ABA Service Model During Crisis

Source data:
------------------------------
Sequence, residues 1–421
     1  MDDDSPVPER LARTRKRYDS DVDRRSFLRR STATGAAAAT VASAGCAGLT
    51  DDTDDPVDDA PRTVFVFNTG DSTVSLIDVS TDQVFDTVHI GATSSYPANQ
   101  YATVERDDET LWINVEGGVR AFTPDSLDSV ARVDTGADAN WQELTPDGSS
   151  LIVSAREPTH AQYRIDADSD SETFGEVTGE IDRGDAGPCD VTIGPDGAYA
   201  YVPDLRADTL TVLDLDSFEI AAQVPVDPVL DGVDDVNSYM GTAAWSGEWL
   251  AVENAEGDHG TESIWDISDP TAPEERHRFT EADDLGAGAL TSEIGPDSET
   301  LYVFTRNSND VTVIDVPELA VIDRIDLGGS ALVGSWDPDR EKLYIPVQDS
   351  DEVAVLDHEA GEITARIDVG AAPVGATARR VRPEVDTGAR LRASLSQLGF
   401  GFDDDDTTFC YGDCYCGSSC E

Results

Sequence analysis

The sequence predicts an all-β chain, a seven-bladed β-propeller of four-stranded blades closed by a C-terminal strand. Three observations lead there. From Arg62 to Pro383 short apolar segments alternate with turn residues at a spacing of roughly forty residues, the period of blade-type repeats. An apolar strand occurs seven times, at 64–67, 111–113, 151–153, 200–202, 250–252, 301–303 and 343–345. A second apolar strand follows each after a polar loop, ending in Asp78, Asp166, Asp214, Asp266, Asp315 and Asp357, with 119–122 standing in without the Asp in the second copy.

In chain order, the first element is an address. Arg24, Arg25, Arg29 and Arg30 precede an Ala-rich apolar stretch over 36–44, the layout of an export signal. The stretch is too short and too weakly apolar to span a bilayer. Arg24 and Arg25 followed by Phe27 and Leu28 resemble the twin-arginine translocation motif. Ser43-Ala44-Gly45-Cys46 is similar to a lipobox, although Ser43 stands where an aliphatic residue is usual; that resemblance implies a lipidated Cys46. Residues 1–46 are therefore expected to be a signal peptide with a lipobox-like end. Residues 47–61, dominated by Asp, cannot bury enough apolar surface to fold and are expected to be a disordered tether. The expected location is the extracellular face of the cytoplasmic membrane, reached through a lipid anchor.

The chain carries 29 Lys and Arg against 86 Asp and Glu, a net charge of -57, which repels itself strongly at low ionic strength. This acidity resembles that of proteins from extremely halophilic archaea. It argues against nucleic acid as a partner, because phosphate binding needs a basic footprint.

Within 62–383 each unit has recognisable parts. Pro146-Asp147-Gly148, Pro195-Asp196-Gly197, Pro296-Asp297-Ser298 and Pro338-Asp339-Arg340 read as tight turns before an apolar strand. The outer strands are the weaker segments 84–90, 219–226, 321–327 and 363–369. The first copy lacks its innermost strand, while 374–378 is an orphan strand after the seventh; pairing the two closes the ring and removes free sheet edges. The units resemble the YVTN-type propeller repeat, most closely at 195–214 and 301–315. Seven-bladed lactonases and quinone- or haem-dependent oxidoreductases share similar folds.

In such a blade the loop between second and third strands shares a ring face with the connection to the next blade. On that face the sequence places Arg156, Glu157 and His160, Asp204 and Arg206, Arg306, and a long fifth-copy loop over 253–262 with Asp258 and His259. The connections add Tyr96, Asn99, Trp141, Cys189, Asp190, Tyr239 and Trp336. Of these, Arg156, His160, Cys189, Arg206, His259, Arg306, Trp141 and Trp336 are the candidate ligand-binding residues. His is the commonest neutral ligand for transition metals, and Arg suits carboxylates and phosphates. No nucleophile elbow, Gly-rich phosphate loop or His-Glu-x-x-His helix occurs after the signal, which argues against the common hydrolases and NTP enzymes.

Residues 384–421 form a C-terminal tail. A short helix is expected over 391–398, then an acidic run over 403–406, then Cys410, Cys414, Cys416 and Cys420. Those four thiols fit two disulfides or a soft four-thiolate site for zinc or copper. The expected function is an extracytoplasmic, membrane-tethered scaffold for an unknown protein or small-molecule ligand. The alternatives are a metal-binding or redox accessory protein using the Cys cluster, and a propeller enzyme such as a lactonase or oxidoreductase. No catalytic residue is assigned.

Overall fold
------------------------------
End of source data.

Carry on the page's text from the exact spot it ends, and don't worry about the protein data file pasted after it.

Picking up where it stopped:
In the United States, applied behavior analysis (ABA) is broadly recognized as a medically necessary treatment for individuals diagnosed with autism and related disorders (Association of Professional Behavior Analysts, 2020, Guidelines for practicing applied behavior analysis during COVID-19 pandemic, Retrieved from https://cdn.ymaws.com/www.apbahome.net/resource/collection/1FDDBDD2-5CAF-4B2A-AB3F-DAE5E72111BF/APBA_Guidelines_-_Practicing_During_COVID-19_Pandemic_040920.pdf). We argue that this designation should not be called into question in light of a particular disaster and that it is critical to consider that an interruption of services can have long-lasting effects on the treatment of the individual (practitioners are ethically obligated to uphold the continuity of services while doing no harm). This dilemma might be ameliorated by a decision model that considers the prioritization of immediate needs, the vulnerability of clients, and the competency of service providers. Just as the medical field prioritizes immediate needs during crisis situations and defers routine appointments (e.g.,physicals, checkups), the ABA field can make similar evidence-based decisions. The purpose of the current article is to provide a decision model for ABA practitioners who find themselves questioning the need for essential service delivery during the current COVID-19 pandemic. The impact of this model goes beyond the needs of this crisis and can be applied to any emergency situation where services are at risk of interruption.